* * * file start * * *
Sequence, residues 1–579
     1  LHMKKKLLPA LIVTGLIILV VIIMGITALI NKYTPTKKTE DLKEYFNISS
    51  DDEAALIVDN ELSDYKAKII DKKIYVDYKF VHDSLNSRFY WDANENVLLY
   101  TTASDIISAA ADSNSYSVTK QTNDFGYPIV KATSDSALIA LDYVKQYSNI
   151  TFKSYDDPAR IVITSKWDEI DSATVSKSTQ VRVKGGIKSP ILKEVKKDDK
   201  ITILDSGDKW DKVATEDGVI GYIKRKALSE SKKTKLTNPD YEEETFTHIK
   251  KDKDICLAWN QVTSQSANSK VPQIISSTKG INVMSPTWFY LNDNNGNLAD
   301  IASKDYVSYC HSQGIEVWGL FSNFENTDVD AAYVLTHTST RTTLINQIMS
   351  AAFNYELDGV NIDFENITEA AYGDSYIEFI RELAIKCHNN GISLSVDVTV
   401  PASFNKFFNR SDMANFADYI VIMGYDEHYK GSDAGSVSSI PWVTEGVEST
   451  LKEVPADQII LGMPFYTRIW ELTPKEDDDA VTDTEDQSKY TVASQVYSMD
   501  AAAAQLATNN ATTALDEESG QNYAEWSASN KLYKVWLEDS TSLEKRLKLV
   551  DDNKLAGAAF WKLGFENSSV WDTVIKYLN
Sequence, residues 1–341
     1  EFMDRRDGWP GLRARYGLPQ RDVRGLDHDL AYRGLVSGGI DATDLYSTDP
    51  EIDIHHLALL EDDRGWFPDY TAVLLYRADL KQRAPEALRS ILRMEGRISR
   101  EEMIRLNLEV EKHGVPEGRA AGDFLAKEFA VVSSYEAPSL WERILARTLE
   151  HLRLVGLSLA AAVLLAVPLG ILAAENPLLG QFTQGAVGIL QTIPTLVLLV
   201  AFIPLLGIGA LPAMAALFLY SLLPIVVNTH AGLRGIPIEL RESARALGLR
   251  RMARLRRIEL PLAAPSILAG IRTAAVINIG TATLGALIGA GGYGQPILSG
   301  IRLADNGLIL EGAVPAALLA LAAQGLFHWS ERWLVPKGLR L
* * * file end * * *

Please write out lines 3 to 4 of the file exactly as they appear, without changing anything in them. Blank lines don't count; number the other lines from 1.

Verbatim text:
    51  DDEAALIVDN ELSDYKAKII DKKIYVDYKF VHDSLNSRFY WDANENVLLY
   101  TTASDIISAA ADSNSYSVTK QTNDFGYPIV KATSDSALIA LDYVKQYSNI